'Til the butter melts

Pursuing the cruising dream in 32' of sailing ketch

“Yelling” – the A to Z Challenge


A2Z-BADGE 2016-smaller_zpslstazvib


(Today’s topic is yelling, and why it’s a really bad idea aboard a cruising boat. It’s kind of a heavy, not funny post, but I hope you’ll bear with me. I think it’s important.)


There is only one acceptable reason for yelling on a boat.

Because someone can’t hear you over the ambient noise.

Really, it is that simple. And you may notice that I said “…for yelling on a boat”, not “…for yelling at someone on a boat.”  That’s because there is NO reason – no justification possible – for yelling AT someone on a boat.  Boats aren’t big enough to safely contain and then dissipate that kind of energy.

But does it happen?  Of course it does.  Things get tense and difficult and scary, and voices rise in pitch and volume until the folks aboard are, in fact, yelling.  And everyone else in the anchorage can hear every regrettable word that’s said, and make their judgements based on that miniscule slice of personal interaction between crewmates.

I can’t think of a single cruising how-to book I’ve seen that doesn’t include at least a paragraph on the subject of communication aboard and relationships aboard, and many have a whole chapter. Some even go into the details of deciding if you should allow yourself to be alone on a boat with this guy or gal. There’s a thriving business being created – complete with Facebook page (Sailing into Happily Ever After-for Couples) – to help people learn how to get along well enough to go cruising.
Don’t laugh.  According to my own, painstakingly intense 3 minutes of research, “He/She turns into an evil Captain Bligh the minute we step on board!” accounts for a regrettably large number of well-equipped cruising boats AND wedding rings for sale on the used market.

And don’t even begin to think; “It’s all this stress on land that makes him yell. Once we get away on our cruise, he’ll be a changed man…”

No, he won’t. And you (I’m speaking to the ladies now) will be stuck on a boat with him, miles from anyone and anywhere, wondering what the hell you’re going to do now.

You’ll have noticed that suddenly I switched to the masculine pronoun to describe the yeller, and of course there’s a reason for that: It’s usually him.  She may yell back, or she may not, but the vast majority of yellers are male.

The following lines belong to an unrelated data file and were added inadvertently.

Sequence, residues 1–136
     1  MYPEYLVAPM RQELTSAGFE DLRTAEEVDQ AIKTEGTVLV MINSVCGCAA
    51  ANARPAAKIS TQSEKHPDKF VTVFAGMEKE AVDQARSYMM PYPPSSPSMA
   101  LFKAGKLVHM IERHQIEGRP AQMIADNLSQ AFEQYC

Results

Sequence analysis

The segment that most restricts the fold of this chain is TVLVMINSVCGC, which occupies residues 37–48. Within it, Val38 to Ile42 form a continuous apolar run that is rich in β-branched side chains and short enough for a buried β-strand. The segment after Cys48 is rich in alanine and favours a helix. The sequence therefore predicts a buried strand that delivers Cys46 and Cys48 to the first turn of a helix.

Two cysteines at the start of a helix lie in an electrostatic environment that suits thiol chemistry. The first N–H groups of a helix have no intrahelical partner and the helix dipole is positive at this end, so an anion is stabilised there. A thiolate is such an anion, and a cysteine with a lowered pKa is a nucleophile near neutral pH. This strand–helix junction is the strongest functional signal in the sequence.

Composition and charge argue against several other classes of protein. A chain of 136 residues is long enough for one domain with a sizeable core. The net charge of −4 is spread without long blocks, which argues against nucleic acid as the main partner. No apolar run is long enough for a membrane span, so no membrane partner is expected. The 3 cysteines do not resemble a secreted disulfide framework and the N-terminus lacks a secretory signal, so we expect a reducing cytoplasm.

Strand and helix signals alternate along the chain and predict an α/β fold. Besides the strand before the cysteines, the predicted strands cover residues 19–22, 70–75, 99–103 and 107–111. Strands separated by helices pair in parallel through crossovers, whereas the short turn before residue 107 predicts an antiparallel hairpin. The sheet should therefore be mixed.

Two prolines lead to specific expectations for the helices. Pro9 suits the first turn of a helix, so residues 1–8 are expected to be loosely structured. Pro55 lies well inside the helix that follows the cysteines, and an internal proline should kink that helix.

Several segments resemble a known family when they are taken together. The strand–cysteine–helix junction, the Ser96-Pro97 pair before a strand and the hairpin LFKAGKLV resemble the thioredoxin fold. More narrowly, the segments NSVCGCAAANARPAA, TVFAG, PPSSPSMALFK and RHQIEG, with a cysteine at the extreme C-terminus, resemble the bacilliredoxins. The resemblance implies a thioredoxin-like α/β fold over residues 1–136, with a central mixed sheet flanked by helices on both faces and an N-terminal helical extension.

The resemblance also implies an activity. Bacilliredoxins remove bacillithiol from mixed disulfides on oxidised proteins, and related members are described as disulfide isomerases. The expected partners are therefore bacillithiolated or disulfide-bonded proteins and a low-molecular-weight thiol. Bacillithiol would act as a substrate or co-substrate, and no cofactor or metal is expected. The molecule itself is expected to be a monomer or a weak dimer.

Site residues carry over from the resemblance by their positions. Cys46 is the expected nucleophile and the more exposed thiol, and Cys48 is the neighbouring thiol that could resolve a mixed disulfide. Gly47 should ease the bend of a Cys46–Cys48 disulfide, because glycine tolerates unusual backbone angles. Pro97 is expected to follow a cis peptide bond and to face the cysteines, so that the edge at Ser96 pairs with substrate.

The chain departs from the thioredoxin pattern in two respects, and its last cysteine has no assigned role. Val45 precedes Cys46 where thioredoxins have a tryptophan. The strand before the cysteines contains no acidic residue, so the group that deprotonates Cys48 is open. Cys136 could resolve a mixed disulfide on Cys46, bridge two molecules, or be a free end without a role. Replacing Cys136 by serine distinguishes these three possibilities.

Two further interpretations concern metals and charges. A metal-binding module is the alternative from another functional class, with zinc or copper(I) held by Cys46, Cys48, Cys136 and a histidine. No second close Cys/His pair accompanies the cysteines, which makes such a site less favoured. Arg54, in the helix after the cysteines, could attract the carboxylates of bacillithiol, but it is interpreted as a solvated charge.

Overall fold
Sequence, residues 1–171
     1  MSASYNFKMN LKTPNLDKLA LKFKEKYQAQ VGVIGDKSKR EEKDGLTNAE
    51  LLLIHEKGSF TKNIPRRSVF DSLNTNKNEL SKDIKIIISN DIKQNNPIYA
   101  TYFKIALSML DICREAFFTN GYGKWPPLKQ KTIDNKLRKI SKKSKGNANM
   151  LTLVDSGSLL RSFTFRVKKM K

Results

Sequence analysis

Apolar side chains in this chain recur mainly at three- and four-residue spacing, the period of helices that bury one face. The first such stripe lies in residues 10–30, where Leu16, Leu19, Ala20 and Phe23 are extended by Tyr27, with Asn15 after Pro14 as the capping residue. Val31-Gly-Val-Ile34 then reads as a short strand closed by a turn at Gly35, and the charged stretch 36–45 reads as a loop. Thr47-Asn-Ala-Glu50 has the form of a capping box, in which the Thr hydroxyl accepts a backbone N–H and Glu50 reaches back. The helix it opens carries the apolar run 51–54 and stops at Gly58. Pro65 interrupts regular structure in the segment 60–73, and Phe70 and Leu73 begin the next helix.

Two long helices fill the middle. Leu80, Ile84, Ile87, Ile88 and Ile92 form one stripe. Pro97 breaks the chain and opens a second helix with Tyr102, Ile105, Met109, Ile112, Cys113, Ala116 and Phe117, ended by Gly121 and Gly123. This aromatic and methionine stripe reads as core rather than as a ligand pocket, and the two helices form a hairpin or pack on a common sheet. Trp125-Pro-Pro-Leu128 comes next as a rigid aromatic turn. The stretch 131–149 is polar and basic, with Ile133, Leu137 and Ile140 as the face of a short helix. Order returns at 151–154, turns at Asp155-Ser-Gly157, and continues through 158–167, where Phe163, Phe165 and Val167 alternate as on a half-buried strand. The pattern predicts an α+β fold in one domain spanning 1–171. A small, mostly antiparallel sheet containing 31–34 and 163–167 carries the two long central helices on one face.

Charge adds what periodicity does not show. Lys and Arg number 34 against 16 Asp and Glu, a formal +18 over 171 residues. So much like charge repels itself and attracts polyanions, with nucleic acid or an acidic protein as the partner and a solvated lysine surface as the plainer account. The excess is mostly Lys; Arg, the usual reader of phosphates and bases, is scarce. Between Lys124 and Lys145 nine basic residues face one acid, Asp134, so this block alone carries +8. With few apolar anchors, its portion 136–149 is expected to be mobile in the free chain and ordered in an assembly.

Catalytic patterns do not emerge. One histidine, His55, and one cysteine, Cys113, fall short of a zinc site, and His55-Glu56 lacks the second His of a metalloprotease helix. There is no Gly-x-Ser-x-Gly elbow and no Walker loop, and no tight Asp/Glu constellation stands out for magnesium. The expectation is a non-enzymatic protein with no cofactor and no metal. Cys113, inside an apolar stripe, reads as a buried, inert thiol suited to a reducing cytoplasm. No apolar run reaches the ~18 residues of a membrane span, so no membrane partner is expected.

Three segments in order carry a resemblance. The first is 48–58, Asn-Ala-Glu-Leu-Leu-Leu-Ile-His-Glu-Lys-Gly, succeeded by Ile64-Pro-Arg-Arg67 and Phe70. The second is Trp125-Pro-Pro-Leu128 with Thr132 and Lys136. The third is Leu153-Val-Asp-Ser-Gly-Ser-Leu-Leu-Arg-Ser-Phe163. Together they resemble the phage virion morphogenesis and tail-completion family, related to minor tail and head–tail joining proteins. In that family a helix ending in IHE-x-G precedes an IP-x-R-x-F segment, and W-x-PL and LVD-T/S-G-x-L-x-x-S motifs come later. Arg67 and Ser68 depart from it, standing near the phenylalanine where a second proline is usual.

I’m not sure why that is – why men as a group (and hey, I’m a man too) are so poorly trained in the ways of human behavior that they think yelling at someone is going to make them eager to help out and delighted to spend time with the guy who’s acting like an enraged rhino.  Pretty stupid. And counter-productive.

So here’s the take-away I hope you take away:
First, an unhappy, semi-functional relationship on land is going to become a miserable, non-functional and possibly dangerous relationship away from it. Fix (or replace) the relationship, THEN go cruising.

Second, Yelling at someone as a way of doing anything besides overcoming ambient noise is unacceptable behavior. The yeller has to learn how to control the emotion of the moment if they are to communicate effectively.

Finally, Captain Bligh has no place on any cruising boat. None. They don’t build boats that big.

Couple, Older

Author: s/v sionna

Living the dream in 32'. We left Maine on August 18th, 2016, and have gradually worked our way south until we felt warm enough. After spending the summer in Maine, working to replenish the cruising kitty, and rehabilitating an old house. we’re headed back on the boat, bringing Sionna back home to northern waters. Follow our blog here!

15 thoughts on ““Yelling” – the A to Z Challenge